Belt-Tightening in Higher Ed
Michael Rounds, associate vice provost for human resources management at the University of Kansas (KU) in Lawrence, Kan., predicted the overtime rule would lead to tuition increases, reductions in services and even layoffs in higher education.
“As of June 6, 2016, the university has 354 currently exempt employees impacted by the revised FLSA overtime rule,” Rounds said in written testimony. “The projected cost to raise these employees to the new annual salary threshold of $47,476 is $2,937,980.” The alternative is to switch the employees to nonexempt status and pay them overtime, which would cost $2.3 million if they each worked just five overtime hours per week, he added.
“Since neither of these options is currently financially feasible for any of KU’s units, it is inevitable that there will be a significant reduction in the services currently being provided,” he stated.
Impact on Business
Alexander Passantino, an attorney with Seyfarth Shaw in Washington, D.C., and former acting administrator of the Department of Labor’s Wage and Hour Division, set out in his written testimony the numerous results to business of converting employees to nonexempt status:
“Complicating the analysis is the fact that the department’s revisions would require employers to revisit these issues every three years,” Passantino stated. The exempt salary threshold is to be automatically increased triennially.
The panel before the House committee included one strong advocate for the new rule, Jared Bernstein, senior fellow with the Center on Budget and Policy Priorities in Washington, D.C., a research institute focusing on policies designed to reduce poverty and inequality.
“While much ink has been spilled over the complexities of the new rule, what’s actually happening here is extremely simple,” Bernstein stated. “The salary threshold was ignored for decades, other than a notch up in 2004. The new increase, while historically large, does not even bring the threshold back up to its historical peaks,” taking inflation into account.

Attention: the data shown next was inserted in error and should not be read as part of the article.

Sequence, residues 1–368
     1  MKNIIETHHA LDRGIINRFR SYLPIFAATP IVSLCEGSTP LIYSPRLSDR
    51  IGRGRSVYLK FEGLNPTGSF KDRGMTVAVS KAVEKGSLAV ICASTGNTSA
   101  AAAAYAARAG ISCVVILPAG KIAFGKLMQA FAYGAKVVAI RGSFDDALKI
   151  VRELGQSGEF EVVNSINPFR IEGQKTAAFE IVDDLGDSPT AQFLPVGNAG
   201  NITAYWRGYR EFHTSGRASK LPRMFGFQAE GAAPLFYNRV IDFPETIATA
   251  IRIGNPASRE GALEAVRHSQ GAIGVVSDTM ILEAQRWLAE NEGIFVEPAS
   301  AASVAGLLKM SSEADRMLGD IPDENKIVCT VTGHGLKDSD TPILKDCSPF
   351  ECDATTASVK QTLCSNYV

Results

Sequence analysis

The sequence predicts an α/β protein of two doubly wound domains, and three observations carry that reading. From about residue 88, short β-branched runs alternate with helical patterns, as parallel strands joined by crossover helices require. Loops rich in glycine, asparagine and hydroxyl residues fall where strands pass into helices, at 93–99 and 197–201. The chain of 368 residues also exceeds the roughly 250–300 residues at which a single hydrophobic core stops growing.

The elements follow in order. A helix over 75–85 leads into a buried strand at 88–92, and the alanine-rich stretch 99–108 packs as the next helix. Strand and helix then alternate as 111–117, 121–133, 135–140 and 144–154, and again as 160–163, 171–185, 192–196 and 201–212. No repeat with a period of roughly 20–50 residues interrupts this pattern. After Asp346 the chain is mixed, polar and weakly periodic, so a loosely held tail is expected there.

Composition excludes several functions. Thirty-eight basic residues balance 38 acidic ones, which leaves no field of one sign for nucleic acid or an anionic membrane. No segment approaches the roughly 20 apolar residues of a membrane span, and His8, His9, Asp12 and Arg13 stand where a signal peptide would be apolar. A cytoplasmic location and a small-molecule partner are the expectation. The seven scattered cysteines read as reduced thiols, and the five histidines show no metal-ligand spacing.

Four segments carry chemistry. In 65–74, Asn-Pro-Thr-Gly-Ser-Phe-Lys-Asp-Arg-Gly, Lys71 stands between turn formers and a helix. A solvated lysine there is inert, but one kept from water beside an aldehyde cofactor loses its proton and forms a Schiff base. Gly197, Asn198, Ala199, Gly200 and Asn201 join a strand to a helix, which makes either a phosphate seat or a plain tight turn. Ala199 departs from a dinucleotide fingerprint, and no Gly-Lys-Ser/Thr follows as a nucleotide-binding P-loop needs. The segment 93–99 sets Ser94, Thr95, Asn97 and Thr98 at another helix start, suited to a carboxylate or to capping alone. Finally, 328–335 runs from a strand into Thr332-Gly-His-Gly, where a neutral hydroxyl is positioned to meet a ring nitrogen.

Bernstein stated that the rule was supported by 60 percent of the general public, according to a recent Morning Consult poll, and predicted it would “come to be viewed as an important and positive intervention on behalf of middle-class families.” Morning Consult is a media company based in Washington, D.C., that covers politics, policy, Wall Street and business strategy.
Bernstein also noted that some nonprofits and institutions of higher education have come out in support of the rule.
These nonprofits include the NAACP and YWCA USA, which stated in an Economic Policy Institute (EPI) letter from nearly 140 nonprofits that “this rule represents an important step toward fairer pay for women and people of color, who are overrepresented in lower-paying jobs and are often required to work additional hours without compensation.” The EPI is a think tank based in Washington, D.C., that focuses on the needs of low- and middle-income workers.